Simple Aluminum Portch light
Simple one bulb four-blade ceiling fan
My advice here is that you try to find what you need – free first or recycled – and give it a second life, but if you cannot find it, then go with something simple at a reasonable price.  There is no sense in getting something for free if it does not serve the purpose.  I could have gotten many ceiling fans for free but they were either too big or had too many light bulbs, a waste in my opinion.  If you can wait for it to materialize in the future that is fine too, we are doing things in stages, so we decided to fit them in now.
Living simple is about saving money, but also about less excess, and the right form and function for the purpose.  And of course, loving it too.

   

Flipping the Switch

Starting to live a simple life has not been easy.  Mostly, because it has been a slow process and one that has been the result of some good and not so good events.  It has been ticking, and finally the pieces are starting to fall in place, slowly, one by one.  It is a process of shedding, not only the material, but of the feelings attached to those material things.  It’s been a time to shed emotions, and of retrospection; a time of discovery, and of realization.  It has also been a time to do just the opposite of what had been expected and go against the current, of letting go.  That has been the spiritual side of it, although the material part has had its own challenges.  

Once you see the material for what it is, it becomes less important, little by little, step by step.  What used to be hard to get rid of, one day becomes easy, the feelings attached are still there, but you realize that the feelings will always be there, and they don’t need the physicality of an object to be brought to memory.  Most of it is crap, from shoppaholic days, or the result of some old empty void being filled at the time.  Once acknowledged, it is free to let go, and so is all the stuff that goes with it.

There are catalysts in our lives that act as switches, to turn us on to achieve our next level as evolving human and spiritual beings.  These catalysts can take the form of persons (even the ones that may hurt you), events, and things.  So however we have arrived to the start of living a simple life – I thank the persons (good and bad), the events, and the things, which have made it possible.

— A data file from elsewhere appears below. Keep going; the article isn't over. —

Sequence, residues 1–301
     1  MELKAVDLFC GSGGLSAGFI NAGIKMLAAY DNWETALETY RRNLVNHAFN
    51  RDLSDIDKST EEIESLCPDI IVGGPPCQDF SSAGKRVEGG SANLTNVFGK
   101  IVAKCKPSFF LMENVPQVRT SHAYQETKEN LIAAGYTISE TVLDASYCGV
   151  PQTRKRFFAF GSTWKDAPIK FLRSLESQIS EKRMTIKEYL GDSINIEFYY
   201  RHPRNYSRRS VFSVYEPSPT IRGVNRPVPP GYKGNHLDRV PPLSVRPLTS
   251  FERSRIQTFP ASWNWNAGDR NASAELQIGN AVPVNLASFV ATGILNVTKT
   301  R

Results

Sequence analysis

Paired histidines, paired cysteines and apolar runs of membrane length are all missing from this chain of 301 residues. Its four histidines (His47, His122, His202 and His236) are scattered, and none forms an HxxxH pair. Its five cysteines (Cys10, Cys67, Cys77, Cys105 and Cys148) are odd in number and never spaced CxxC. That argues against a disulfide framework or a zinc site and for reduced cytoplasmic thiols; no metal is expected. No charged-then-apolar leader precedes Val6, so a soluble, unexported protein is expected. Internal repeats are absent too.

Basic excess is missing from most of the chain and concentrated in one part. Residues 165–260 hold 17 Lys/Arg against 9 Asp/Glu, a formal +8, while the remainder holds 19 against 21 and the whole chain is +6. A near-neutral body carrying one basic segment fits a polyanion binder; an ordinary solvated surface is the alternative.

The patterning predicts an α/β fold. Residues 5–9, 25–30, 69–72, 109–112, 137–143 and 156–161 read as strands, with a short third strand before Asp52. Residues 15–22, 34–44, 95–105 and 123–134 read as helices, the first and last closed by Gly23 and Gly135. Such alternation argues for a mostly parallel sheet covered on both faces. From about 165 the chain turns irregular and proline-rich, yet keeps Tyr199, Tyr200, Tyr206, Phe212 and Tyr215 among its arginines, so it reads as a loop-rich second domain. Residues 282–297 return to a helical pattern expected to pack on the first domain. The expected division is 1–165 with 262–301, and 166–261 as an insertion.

Once the switch has been flipped, the rest of our life – the simple life – follows.

Flip the Switch

A Better New Year

The Holiday festivities are over, and the New Year is here – and we all wish that 2010 will be a better year.  2009 was a rough year for many, for our Country.  Despite all the challenges, we start 2010 with hope – hoping for the best.

I had my share of good news on the farmhouse.  The survey has been completed and so far so good; the affidavits all taken care of.  Now it is a matter of getting everyone to sign and proceed to closing.  Then, the restoration will begin, which I think is the exciting part, along with moving to a different part of the country and starting a new simpler life.  We will have to get used to the southern accent (which I love), and many of the small town living customs.  It is all good!

A friend of mine mentioned to me the other day that she will not plan for 2010.  Instead, she will receive every day and enjoy what the day brings.  I think it is a wonderful idea!  I will try to do the same, although we all know how difficult that has proven to be for me.  The thought of not planning is a bit unsettling for me.  So far, I have managed to make lists and timeframes for pretty much everything, and it is not even the 10th of January.  Managed to straighten and clean all my files, created a budget plan, logged all my goals and timeframes for this year, organized the office, and reviewed my decluttering schedule … It goes on and on.  This is why I thought my friend’s idea was a magnificent one.

Well, I am determined to make the best of every day of this year.  The New Year is here, and the clock started ticking …